Football is a unique democratising element of our society; anyone irrespective of status, race, nationality, sex, and to a certain extent disability can freely partake in a manner of their choosing. Over time, this has evolved into a myriad of varied football interests from professional, women, and youth football, to grassroots and social football.

The challenge faced by football governing bodies and policy makers is how to effectively serve each of these interests and allocate funding proportionally and effectively. Most often than not, deciding funding priorities boils down to what takes precedence, the pride of the nation or the health of the nation, elite football or grassroots football.

SOCALOCA is a revolutionary app that not only aims to democratise the organisation of football by allowing anyone, anywhere in the world, the ability to find, join, or create teams, leagues or tournaments in their local area, and similarly, invite or interact with their friends and other players or coaches, but also to support football governing bodies and policy makers make informed policy.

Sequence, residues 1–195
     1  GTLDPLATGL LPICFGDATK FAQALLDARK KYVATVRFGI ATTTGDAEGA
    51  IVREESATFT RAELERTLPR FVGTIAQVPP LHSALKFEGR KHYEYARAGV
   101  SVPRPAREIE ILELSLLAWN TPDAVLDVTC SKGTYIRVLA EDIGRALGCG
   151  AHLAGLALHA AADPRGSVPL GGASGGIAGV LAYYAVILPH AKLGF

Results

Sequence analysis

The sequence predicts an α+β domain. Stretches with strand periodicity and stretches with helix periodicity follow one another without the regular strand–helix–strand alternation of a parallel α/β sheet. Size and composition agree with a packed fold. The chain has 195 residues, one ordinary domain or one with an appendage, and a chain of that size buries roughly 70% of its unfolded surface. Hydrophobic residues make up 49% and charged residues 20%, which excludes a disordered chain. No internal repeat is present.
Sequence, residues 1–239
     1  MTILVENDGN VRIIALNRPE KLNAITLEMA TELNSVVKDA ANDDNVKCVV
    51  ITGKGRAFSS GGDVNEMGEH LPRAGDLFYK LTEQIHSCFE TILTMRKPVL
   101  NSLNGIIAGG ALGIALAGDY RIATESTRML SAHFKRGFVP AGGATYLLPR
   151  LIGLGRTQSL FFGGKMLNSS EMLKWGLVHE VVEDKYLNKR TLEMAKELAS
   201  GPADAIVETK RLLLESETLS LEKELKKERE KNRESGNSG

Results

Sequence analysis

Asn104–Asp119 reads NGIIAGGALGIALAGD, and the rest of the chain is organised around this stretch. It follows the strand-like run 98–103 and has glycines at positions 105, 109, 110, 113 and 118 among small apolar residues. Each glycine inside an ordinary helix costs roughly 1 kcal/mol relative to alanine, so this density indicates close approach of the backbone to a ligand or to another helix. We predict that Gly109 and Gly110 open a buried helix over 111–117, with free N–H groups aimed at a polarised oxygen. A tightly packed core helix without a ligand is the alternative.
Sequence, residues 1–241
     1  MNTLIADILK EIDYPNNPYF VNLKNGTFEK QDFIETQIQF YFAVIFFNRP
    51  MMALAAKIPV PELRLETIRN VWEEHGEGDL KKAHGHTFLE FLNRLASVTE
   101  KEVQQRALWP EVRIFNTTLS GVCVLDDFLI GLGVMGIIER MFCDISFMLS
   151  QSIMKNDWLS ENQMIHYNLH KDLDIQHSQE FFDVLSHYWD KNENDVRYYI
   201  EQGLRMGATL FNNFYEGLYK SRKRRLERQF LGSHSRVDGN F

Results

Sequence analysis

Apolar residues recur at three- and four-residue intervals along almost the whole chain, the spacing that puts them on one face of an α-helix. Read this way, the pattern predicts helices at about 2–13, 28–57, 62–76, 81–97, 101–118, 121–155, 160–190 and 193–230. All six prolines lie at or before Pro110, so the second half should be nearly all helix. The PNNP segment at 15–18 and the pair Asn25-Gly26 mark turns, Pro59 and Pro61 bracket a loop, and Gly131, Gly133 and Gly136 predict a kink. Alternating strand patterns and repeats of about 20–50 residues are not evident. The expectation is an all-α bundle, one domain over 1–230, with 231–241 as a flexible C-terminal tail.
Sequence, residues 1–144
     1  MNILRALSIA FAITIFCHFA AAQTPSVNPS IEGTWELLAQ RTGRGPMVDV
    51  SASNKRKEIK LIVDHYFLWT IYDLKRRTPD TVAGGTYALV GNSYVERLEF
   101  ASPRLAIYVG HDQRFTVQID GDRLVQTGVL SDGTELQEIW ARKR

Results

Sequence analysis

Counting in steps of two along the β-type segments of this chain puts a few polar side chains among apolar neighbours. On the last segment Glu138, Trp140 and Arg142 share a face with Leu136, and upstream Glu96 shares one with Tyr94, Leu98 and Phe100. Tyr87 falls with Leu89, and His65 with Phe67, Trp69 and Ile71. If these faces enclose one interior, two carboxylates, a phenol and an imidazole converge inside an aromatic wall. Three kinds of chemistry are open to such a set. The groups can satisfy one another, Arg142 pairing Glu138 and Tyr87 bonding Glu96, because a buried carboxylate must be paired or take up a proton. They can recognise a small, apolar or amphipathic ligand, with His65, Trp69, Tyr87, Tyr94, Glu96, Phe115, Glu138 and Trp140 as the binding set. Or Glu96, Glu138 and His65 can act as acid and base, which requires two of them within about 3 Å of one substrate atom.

SOCALOCA allows the organisation of grassroots and professional fixtures. It captures fan and player data and statistics, provides engagement with teams as well as serving video content of live, or historical games. The power of SOCALOCA Analytics can be deployed to support FAs make informed policy and monetise their content.

Another key objective of SOCALOCA is to democratise the development and recruitment of young talent. One of the more serious problems facing African football, for example, is the exploitation and trafficking of aspiring young professional footballers, who are easily lured away from their families and formative clubs or academies on promises of stardom and glory.

Unscrupulous agents and scouts exploit the inherent desire of kids from challenging economic backgrounds, and the vast majority end up destitute on the streets of Europe. A lucky few will of course make it, but their formative clubs or academies, more often than not will only receive a fraction of their real value, if at all.

This can be partly explained by the fact that European clubs for example, have no real way of following young African talent, they only find out about them when they burst onto the scene in international youth competitions.

SOCALOCA seeks to hand back control to academies and clubs who develop their own talent. As such, we have developed a marketplace where academies the world over can showcase their talent and allow scouts, agents, and buying clubs to shortlist, track, follow, and recruit players in a structured and leveraged manner.

Lionel Foy